Pediatric heart disease is seen throughout the world and causes grave sickness in children. It is often complicated and hard to treat. With poverty and lacking resources, pediatric heart disease in developing countries becomes nearly impossible to manage.
It is difficult to determine how many children have heart disease because of lacking global data. Figures are generally surmised from industrialized nations. Since better diagnostics were implemented, experts estimate that 8-12 per 1,000 live births have heart disease. Children can also develop heart disease from heart rhythm disorders and infections (among other things).
Children with heart disease have very complicated health situations. Those born with a heart defect may have other birth defects. And as treatment improves and children live longer, they develop secondary diseases such as kidney failure.
Their situation is worsened by a lack of knowledge in developing countries. There is a common misconception that children do not develop heart disease. Parents may not recognize the serious symptoms, and as a result, children are often diagnosed later in life when treatment is harder and more expensive. Medical professionals do not always recognize heart disease in children, leading to misdiagnosis.
Worldwide, heart disease is expensive to treat. In the U.S. in 2009 the hospital cost of treating heart failure in children was thought to be $1 billion. This figure does not include outpatient visits, medications, treating secondary conditions, transportation and parents’ lost work.
Funding treatment of pediatric heart disease in developing countries is challenging. There is a lack of data to guide medical policy and infrastructure and the disease is likely under-reported. When poor countries decide how to best spend small healthcare budgets, it seems plausible to focus on more prevalent conditions that are cheaper to prevent, such as infection.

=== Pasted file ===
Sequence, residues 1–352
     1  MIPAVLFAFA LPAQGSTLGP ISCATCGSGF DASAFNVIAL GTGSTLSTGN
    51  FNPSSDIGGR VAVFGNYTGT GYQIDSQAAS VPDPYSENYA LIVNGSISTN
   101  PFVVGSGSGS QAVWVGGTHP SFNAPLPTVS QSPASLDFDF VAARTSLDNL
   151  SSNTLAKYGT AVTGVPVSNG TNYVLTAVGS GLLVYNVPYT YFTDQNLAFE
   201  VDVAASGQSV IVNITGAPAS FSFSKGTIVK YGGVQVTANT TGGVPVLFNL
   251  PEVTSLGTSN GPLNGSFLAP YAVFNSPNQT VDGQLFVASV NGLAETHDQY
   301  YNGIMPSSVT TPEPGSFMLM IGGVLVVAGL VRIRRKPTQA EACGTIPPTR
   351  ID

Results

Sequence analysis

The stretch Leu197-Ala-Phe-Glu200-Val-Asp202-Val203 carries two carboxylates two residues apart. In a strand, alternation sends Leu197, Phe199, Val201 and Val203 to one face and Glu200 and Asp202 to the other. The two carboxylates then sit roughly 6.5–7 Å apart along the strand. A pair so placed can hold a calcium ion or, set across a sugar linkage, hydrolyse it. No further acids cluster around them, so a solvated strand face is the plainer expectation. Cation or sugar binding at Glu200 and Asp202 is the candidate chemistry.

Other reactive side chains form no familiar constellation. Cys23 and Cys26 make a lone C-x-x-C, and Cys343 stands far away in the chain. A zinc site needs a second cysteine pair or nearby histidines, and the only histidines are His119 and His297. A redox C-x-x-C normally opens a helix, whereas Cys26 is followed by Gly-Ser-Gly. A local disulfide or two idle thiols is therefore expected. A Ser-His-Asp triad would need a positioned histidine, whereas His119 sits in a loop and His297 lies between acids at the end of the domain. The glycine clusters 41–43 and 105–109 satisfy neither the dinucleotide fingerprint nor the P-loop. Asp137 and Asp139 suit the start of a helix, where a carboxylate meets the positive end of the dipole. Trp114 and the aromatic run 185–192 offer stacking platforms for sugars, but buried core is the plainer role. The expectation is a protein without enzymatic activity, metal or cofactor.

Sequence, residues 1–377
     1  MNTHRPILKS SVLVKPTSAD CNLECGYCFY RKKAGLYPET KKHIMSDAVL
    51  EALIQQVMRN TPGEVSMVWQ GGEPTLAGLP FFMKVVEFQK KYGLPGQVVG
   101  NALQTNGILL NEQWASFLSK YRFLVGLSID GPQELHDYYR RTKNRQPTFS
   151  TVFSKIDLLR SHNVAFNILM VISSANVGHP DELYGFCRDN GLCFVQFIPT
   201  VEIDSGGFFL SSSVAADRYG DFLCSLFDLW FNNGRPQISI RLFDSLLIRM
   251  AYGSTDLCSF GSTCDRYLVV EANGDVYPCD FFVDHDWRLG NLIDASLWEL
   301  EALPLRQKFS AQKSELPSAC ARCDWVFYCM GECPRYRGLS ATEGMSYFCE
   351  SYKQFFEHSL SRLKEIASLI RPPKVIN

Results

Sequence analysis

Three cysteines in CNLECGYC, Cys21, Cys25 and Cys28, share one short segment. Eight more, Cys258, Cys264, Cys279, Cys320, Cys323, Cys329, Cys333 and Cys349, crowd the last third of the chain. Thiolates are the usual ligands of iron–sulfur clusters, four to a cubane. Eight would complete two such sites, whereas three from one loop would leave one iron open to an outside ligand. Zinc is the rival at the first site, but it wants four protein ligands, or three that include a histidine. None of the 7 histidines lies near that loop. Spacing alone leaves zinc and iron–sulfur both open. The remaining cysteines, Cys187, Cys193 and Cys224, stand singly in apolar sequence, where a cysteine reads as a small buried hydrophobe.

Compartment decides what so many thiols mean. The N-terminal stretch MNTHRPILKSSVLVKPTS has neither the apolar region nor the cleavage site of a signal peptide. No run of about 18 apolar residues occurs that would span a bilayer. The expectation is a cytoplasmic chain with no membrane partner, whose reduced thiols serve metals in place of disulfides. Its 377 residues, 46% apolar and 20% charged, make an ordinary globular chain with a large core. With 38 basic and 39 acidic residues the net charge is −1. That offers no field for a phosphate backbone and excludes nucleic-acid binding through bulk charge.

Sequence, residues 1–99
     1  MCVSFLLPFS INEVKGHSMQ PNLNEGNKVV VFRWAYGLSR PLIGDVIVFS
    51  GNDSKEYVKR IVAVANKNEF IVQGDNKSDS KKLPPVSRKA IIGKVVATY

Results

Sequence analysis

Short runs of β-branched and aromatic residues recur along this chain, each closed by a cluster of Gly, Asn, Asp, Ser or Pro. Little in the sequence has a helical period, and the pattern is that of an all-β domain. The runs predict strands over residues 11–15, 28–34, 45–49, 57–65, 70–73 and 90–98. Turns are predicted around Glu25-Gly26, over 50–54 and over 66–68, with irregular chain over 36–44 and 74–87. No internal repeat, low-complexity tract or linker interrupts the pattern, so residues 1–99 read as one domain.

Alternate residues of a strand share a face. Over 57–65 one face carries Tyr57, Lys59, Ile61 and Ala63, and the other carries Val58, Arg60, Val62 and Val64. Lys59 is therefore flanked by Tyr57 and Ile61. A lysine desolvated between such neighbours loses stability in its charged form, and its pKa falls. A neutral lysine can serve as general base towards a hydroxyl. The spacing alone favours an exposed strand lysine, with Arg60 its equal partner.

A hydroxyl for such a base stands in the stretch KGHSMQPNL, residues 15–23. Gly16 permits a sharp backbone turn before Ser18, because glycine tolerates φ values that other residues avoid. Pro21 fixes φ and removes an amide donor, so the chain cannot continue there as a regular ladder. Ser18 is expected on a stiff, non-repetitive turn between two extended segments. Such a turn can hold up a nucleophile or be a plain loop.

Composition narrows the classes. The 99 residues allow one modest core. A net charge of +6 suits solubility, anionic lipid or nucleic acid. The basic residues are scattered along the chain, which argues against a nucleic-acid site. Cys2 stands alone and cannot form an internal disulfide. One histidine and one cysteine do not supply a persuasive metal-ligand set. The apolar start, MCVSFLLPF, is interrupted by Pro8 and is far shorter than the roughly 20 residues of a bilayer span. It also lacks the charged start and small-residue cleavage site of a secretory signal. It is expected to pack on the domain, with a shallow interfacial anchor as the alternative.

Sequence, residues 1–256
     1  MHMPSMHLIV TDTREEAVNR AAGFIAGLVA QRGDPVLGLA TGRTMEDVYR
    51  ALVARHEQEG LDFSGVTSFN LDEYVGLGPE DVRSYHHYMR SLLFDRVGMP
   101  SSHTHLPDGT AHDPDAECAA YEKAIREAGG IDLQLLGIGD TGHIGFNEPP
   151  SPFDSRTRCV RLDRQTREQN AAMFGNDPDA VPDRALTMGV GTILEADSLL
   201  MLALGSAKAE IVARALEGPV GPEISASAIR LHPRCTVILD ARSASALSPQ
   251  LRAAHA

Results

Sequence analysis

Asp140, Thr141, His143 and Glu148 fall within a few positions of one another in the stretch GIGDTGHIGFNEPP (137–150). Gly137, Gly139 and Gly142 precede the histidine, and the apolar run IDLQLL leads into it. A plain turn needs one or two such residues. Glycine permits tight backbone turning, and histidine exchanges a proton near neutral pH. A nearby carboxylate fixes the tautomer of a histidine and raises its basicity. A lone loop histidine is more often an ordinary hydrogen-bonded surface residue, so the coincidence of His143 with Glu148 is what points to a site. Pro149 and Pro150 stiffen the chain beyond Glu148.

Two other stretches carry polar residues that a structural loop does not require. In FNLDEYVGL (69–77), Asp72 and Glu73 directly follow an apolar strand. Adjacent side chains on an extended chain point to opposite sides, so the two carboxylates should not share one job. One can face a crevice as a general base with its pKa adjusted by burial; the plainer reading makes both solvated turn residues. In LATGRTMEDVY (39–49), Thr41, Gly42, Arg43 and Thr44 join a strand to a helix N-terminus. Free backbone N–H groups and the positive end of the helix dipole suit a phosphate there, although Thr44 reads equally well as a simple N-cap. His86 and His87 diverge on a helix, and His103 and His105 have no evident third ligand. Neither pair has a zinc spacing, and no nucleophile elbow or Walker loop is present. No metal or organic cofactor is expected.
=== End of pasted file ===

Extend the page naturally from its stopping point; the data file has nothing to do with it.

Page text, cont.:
Providing adequate cardiac care requires significant resources. For simple heart surgeries, sterile consumables (such as drapes) are needed, as well as sophisticated equipment and trained personnel. More complex heart conditions may require more advanced equipment and highly educated providers.
Many children with heart disease in developing countries have surgically curable defects. Yet, because of costs, these children receive simpler “quick fix” surgeries. Another issue that developing countries have with providing acceptable heart surgeries is they often struggle with clean water and electricity, which are crucial in running any hospital.
Fortunately, many organizations see the struggle of treating pediatric heart disease in developing countries. In 2015, there was a survey of NGOs that provide care for this population. The survey lists more than 80 NGOs.
Some of these organizations perform mission trips to developing countries, where they perform heart surgeries in the local hospitals. Others bring children into industrialized nations for surgery and take them back after recovery. In some instances, organizations have worked with the country and local healthcare providers to build lasting cardiology programs that can serve the country more permanently.
Pediatric heart disease is a complicated condition. While seen throughout the world, it has a greater impact in developing nations because of higher birth rates. This does not mean it is not treatable. With great investment from NGOs and governments, children in developing countries can have the same outcomes as those in industrialized nations.
– Mary Katherine Crowley